Friday, August 12, 2011

Canary Tip: Keep It Cool

So we've just recently set a record here in Austin.  More than 27 consecutive day of triple-digit temperatures.  And on top of that, barely any rain.  Now if you think I'm complaining, you're partly right.  I'm really just acknowledging our current climatic state of affairs.  Trust me when I say that you will know when I am complaining.

So while baking banana bread the other day (recipe forthcoming), I was digging through the refrigerator drawer I use for storing my flours and oats, and It reminded me of when I first started using the refrigerator instead of the pantry to store my flours, grains, oats, nuts, and seeds.  And with the relentless heat outside, I thought to myself, "Thank goodness I figured that out.  It makes such a difference in my cooking, baking, and snacking.  I should probably share this with my readers, in case they don't already know." :)

So here you go: a tip from one canary to the next.

It was actually only in the last 4 years, at the outset of my path to gluten freedom, that I even had a need to store these things, I so rarely cooked for myself.  At first, I was keeping everything at the back of my pantry, where it would often become nice and toasty during our 6 months of summer.  But after noticing a variety of grocers storing their grains, flour, and raw nuts and seeds in the refrigerator, it made me wonder.  So I made the resolution to do the same at home and see if it made a difference.

And indeed, it did.  Rice cooked more evenly with stronger aroma and flavor, and I stopped having to worry about random grains that just wouldn't cook.  Nuts tasted noticeably better and maintained their snap or their crunch much longer.  And the biggest difference was in my baking, in terms of texture and taste being more consistent.  And when it comes to GF baking, that is something to write home about.

nuts, seeds, shredded coconut, grains, pasta, oats, flours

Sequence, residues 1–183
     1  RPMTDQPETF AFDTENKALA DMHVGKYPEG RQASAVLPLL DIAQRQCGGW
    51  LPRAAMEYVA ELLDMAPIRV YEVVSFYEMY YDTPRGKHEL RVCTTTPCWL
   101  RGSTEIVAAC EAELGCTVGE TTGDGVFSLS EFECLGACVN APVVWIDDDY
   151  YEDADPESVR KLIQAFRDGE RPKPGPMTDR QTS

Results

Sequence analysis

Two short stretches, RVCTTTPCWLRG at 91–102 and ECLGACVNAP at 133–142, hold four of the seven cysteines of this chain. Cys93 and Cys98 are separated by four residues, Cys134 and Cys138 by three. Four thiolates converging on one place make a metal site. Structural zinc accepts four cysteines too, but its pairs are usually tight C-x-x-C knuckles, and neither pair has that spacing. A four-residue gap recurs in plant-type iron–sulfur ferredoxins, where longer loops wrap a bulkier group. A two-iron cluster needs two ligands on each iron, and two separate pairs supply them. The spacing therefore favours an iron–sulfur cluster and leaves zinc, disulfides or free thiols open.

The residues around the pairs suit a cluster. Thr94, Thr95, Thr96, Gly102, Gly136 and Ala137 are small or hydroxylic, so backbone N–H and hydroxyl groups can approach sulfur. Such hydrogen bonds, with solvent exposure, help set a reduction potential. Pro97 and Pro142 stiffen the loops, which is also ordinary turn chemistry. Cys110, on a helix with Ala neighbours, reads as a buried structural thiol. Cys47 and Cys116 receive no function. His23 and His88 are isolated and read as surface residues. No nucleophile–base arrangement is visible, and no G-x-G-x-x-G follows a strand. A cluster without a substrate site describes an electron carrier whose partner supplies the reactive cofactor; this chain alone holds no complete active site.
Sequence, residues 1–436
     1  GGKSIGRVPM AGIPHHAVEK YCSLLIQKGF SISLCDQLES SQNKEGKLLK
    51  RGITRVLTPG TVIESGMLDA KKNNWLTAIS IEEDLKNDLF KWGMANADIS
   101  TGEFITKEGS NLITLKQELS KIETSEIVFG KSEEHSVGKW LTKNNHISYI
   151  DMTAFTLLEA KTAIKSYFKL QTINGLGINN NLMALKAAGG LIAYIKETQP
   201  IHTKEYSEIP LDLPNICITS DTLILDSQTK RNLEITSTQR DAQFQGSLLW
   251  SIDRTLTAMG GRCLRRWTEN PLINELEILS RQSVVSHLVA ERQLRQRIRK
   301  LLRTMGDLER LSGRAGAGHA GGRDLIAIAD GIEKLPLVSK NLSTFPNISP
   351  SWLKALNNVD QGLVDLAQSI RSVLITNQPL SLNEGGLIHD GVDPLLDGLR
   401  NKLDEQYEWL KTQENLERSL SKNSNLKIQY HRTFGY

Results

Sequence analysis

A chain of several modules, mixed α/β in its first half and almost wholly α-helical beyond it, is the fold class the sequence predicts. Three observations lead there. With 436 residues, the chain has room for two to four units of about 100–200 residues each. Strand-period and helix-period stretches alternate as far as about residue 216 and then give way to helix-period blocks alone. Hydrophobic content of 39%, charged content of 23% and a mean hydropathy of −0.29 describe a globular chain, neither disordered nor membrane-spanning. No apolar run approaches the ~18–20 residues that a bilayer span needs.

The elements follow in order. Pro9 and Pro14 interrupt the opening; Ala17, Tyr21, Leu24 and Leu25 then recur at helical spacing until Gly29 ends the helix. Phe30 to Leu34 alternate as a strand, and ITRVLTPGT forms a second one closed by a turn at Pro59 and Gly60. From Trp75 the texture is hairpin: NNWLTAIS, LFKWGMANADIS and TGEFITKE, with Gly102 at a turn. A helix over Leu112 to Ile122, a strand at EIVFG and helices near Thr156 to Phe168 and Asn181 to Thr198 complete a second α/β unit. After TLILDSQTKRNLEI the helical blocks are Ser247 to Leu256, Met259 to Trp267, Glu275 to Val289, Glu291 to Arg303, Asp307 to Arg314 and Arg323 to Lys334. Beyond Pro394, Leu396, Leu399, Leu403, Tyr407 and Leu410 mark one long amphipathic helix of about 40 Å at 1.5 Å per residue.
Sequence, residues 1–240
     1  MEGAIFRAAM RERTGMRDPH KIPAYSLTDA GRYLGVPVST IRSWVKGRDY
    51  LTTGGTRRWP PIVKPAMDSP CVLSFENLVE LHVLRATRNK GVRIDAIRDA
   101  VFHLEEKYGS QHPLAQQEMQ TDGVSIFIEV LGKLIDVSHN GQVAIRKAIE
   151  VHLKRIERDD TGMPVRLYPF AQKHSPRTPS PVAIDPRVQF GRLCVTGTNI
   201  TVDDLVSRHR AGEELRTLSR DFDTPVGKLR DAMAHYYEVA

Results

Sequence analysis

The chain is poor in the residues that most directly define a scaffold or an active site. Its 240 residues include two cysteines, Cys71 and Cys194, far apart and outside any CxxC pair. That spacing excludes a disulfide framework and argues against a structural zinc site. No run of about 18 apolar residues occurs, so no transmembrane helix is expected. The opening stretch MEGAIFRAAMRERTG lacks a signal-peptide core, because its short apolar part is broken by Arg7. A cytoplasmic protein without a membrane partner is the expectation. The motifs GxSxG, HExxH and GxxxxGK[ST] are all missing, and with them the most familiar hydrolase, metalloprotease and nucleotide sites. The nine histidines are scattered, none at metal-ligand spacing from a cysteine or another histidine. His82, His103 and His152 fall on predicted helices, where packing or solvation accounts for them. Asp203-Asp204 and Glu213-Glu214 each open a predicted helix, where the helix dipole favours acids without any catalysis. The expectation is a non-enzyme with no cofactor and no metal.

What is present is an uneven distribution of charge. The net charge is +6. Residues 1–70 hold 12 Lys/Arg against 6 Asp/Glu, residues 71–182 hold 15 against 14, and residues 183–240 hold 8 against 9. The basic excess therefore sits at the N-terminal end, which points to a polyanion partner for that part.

What's refrigeration for anyway?  Oh yeah, to prolong the shelf life of food items and preserve their nutritional integrity. Duh.  

But there's more.

Nuts, grains, and seeds all contain oils.  Particularly in the case of nuts and seeds, these oils are a large source of their purported health benefits.  But if stored improperly (i.e., a warm, dark pantry in an unsealed container or bag), they can quickly become rancid and all those benefits can be undone.  As one can imagine, this situation becomes very common during late spring and summer.  Rancidity can usually be evidenced by an unpleasant taste and odor, ranging from sour to bitter to soapy.  Grinding down grains and nuts into flours makes them especially susceptible to this as this increases their exposure to oxygen and decreases their viable shelf life. 

And not to scare anyone, but when oils become rancid, they become an abundant source of free radicals.  And free is not a good thing here.  Cliff's Notes version: an excess of free radicals leads to oxidative stress, in turn resulting in systemic inflammation, which can then contribute to premature aging and degenerative, terminal illnesses including arthritis, Alzheimer's, cancer, and heart disease.  And people with autoimmune disorders (like celiac) seem to be especially vulnerable to these effects.

 Don't get me wrong - free radicals are everywhere, and they are even a natural byproduct of many processes within our bodies.  But with escalating exposure to free radicals from the air we breathe and the water we drink, why make matters worse by purposefully eating more of them than we have to?

Sour, soapy tasting banana bread that will damage your body's tissues from the inside out and make you look older.  Yum.

So this is my advice:  
Store nuts, grains, pasta, flours, and seeds in your refrigerator.  Keep them sealed tightly in bags or in containers.  Do your best to buy only what you will use shortly (e.g., 1-3 months), and if you must buy in larger quantities, keep the rest in the freezer (grains and nuts in particular).  And remember that if what you're buying isn't fresh, no amount of refrigeration or freezing is going to make it fresher.  Note an item's marked shelf-life (estimated time to expiration), if it undergoes rapid turnover in the bulk section, and the first impression, when possible, of its smell and overall appearance.  Because when you take special care of your food, you are taking special care of your body.

Live like there's no tomorrow, sure, but let's try not to eat that way, too.

remember to stay hydrated

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